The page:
Dancing at Lughnasa

This beautifully crafted play from playwright Brian Friel is the tale of one summer in 1936, told through the memories of Michael Mundy. It is a slice of life told in such a way that one feels that it was full of moments that shaped the Michael Mundy character as a man.

The piece opens with the ‘moving parts’ of the story, utterly still in tableau, while Michael introduces us to the tale. This is so well done that, whilst your eye is drawn to the tableau, you are still very much listening to what Michael has to say. Indeed, you really have to be, as it shapes the evening. He has four aunts, an uncle and a mother, all of whom are unmarried and live together – happily, for the most part. These parts, along with that of Michael’s father, are rich tapestries of character, all.

You have the matriarchal sister, Kate (a nicely bossy and tight performance from Francesca Folen), and the lively Maggie, who, whilst not technically the matriarch, very much keeps the family together and in line with the use of humour and love: a delightful showing from Joanne Owen.

Then there is Agnes, who is a lovelorn, deep thinker with so many layers, whose unseen later life, we are told, takes a different slant; she is beautifully and calmly played by Joanna Dunbar. Michael’s mother, Chris, is also lovelorn but in a different way as she is much more flighty and excitable. In this, Rhiannon Horne is superbly impressive and a delight to watch as she sometimes seems to glide around the stage.

The final, fifth sister is Rose. This character is one of those that is a true actor’s gift – a real, tangible present for a performer to unwrap and take apart and in which to truly immerse themselves. Marie Bushell takes this opportunity to flex her acting muscles and totally smashes it. Later on, Uncle Father Jack is bought in. He has not been well and has lost some of his mental faculties. There would be a temptation to overplay this, but Stuart Glossop beautifully underplays and gives us a performance to cherish.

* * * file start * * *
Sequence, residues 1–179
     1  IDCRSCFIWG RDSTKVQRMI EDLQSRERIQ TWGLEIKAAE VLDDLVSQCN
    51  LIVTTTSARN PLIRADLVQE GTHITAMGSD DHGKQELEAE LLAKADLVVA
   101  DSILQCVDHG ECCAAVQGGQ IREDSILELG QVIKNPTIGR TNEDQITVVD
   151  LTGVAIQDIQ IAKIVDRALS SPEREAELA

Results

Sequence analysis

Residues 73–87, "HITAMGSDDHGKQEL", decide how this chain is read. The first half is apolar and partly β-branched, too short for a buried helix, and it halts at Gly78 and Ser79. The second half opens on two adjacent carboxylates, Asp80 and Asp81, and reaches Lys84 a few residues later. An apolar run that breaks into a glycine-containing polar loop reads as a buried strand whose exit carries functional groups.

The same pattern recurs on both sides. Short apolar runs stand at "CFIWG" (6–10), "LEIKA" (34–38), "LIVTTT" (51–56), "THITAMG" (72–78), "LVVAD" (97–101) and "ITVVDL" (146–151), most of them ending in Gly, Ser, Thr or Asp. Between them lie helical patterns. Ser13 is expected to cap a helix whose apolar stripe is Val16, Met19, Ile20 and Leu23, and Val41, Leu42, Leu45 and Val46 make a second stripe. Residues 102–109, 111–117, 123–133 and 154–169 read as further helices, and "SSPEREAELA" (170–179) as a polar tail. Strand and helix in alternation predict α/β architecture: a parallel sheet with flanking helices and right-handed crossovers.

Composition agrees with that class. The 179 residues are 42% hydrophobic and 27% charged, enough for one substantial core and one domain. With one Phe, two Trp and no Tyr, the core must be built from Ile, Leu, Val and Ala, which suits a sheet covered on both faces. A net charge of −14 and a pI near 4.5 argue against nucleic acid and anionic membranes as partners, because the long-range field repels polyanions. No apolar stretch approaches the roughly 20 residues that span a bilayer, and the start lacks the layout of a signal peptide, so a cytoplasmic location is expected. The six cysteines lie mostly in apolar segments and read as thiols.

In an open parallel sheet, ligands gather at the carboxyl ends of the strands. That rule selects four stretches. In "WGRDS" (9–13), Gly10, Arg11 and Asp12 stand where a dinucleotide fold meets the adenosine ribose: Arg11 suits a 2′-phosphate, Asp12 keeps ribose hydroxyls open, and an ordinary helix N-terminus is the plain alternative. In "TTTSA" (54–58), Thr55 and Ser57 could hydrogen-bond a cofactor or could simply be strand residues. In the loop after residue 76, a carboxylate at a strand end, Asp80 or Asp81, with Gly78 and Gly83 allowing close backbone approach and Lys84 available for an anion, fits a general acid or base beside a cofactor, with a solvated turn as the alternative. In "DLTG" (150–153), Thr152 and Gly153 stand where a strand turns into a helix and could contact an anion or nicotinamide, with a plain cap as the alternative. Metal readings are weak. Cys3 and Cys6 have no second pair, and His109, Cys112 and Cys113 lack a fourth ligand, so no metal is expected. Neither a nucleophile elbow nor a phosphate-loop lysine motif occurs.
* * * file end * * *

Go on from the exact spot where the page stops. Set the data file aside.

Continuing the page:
The last of the ‘moving parts’ is Michael’s father, Gerry Evans. This needs someone who can be flirty, lively, excited, incorrigible but also with a little depth. Stewart Barlow steps in to these shoes and dances the character into our hearts with an almost Barnum-esque draw that makes the sisters love and chastise him in equal measure.

As Michael, the narrator and the voice of his younger self, Lee Tilson’s use of the language becomes so silky and absorbing that towards the end, it is pure, beautiful poetry to listen to. I can’t think of a local performer more suited to this, another gift of a part.

All of this beauty only comes together so well from good writing and strong – very strong – direction. Director Patricia Richardson once again surrounds herself with some of the best of local talent and intricately steers them to make a very wordy play (with superbly crafted accents, by the way) a joy and delight to watch.

Lastly, big shout-outs must go to Margaret Eaton for props and set dressing – where she gets the stuff from, I don’t know, but she gets it and it all fits so nicely – and to Gary Hayton for the sound design: at one moment I could have sworn I heard a bird flutter away, so realistic that I could almost see it.

This is an evening for you to soak up a set of stories, beautifully told, and I strongly encourage you to check it out. Future performances are at the Hub in Verwood on 17 March and the Plaza in Romsey on 19 March. Both start at 7.30.